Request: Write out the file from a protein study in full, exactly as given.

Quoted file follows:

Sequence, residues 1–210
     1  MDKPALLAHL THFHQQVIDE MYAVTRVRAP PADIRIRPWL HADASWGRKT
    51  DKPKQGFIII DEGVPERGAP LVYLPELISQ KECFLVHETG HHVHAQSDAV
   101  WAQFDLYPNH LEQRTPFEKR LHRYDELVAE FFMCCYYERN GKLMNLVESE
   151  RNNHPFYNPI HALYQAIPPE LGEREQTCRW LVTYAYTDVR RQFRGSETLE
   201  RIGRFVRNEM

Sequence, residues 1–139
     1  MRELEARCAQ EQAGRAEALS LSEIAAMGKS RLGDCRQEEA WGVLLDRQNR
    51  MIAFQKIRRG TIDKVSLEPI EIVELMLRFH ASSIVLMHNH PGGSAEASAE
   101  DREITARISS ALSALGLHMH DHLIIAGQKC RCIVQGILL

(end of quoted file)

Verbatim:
Sequence, residues 1–210
     1  MDKPALLAHL THFHQQVIDE MYAVTRVRAP PADIRIRPWL HADASWGRKT
    51  DKPKQGFIII DEGVPERGAP LVYLPELISQ KECFLVHETG HHVHAQSDAV
   101  WAQFDLYPNH LEQRTPFEKR LHRYDELVAE FFMCCYYERN GKLMNLVESE
   151  RNNHPFYNPI HALYQAIPPE LGEREQTCRW LVTYAYTDVR RQFRGSETLE
   201  RIGRFVRNEM

Sequence, residues 1–139
     1  MRELEARCAQ EQAGRAEALS LSEIAAMGKS RLGDCRQEEA WGVLLDRQNR
    51  MIAFQKIRRG TIDKVSLEPI EIVELMLRFH ASSIVLMHNH PGGSAEASAE
   101  DREITARISS ALSALGLHMH DHLIIAGQKC RCIVQGILL